imagesLike him or loathe him, Malcolm McLaren was a visionary, and in our increasingly myopic world, that’s something we really need to cultivate.  So what is the visionary archetype all about?The capacity to imagine.

If we want to conjure up some new ‘fit for the 21st century’ patterns, imagination is key.  So why isn’t there more of it around?
Because in order to imagine, you first have to get rid of your assumptions.

There was a popular phase coined over 30 years ago in the rock and roll industry…’assumption is the mother of all fuck ups’. (It was later adopted by Hollywood but you can imagine Frank Zappa saying it first).  We can all relate to this at the surface level…’I didn’t lock the door, I assumed you were doing it’.  But we don’t stretch the definition to include our deeply held assumptions.

We assume there has to be a banking system. The system could be operated by thieves and charlatans, but we assume we have to put up with them.  If the system completely breaks down, we assume we have to bail it out with tax payers money.  How many other ‘necessary evils’ do we endure because we assume we have to?  Inept governments? Bureaucratic councils? Trashy free newspapers? Badly designed airports?

Our assumptions are deeply held beliefs. They need shaking up a bit by some penetrating questions that bypass the left brain.  How many times have we asked or been asked a question to which the response is ‘I don’t know’.  We then go off to ‘find’ the answer, assuming that all knowledge is held either in somebody else’s head or in Wikipedia.

What if we stopped and asked one simple/complex question…’I don’t know the answer but if I were to know the answer, what would it be?’

This sends the left brain into chaos.  It can only process the past, the ‘known’, the ‘available’ data.  While it is frantically searching the empty filing cabinets, the right brain has an opportunity to pluck a new answer from the world of infinite possibilities in the surrounding cosmos.

I once worked with Malcolm McLaren on a Bow Wow Wow concert.  His ideas for the show included turning the Finsbury Park Rainbow Theatre into a fun fair by removing the seats and installing dodgem cars, penny arcades and stalls. The piece de resistance was to be a helter skelter, down which a 16 year old Annabella Lwin would descend while singing the opening bars via a new fangled radio mike (remember this was 30 years ago!).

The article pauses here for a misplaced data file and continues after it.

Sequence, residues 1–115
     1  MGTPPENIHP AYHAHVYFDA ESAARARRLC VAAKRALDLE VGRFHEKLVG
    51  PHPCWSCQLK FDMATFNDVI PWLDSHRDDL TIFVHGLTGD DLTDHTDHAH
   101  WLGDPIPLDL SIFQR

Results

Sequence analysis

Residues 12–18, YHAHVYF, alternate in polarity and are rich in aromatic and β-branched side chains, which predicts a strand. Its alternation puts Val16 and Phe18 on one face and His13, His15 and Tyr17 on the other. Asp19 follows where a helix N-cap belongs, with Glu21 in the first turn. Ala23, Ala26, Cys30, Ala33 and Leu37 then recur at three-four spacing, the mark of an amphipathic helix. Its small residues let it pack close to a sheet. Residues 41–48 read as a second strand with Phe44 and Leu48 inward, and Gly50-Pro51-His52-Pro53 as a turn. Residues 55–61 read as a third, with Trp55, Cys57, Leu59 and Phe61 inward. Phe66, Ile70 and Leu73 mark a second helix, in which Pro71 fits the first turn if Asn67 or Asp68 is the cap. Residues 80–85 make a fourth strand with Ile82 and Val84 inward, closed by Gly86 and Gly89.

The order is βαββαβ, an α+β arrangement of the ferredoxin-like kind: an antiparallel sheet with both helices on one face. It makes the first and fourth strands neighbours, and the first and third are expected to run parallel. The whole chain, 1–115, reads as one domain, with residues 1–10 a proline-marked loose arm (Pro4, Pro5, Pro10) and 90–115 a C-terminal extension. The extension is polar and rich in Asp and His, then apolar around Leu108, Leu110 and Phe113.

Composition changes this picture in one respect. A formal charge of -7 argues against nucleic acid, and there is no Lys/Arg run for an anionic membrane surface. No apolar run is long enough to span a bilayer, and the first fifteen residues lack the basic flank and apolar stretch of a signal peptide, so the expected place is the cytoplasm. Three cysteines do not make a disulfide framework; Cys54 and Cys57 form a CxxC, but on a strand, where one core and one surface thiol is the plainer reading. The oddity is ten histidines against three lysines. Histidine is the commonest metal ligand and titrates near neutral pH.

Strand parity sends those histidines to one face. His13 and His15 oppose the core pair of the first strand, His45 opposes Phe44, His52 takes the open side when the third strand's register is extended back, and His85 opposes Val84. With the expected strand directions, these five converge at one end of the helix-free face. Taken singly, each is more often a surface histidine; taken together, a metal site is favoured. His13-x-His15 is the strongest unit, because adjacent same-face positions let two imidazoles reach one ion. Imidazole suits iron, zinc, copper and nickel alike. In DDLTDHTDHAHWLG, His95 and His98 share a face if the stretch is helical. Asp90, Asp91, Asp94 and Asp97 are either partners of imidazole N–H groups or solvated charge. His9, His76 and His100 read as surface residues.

At the pre production meeting every suggestion was vetoed by the Health and Safety executive of the Greater London Council, who constantly repeated ‘you can’t do that at a public event’.  Malcolm became increasingly agitated as his dream show idea was slowly being dismantled.  Suddenly the word ‘public’ filtered through his right brain.  ‘So what would happen in the case of a private event?’ he said quietly.  The GLC man frowning at this seeming irrelevance said ‘We don’t have any jurisdiction on private events’.

‘In that case’ said Malcolm, ‘I am cancelling this show’ (the promoter turned grey at this point).  ‘Instead I am going to hold an inauguration party for the Bow Wow Wow fan club.  All ticket holders can swop their concert tickets at the box office for party tickets.  We shall have our own security on the door.  Gentlemen I think that concludes our business here’.

The meeting was adjourned.  The ‘party’ went ahead a week later.

Malcolm never assumed that anything was set in stone…a bit like the young King Arthur!
If we rekindle and cultivate the visionary archetype, we too could pull a sword of truth from a stone…and that sword could cut through all kinds of assumptions.

Posted via email from The Geometry of Behaviour

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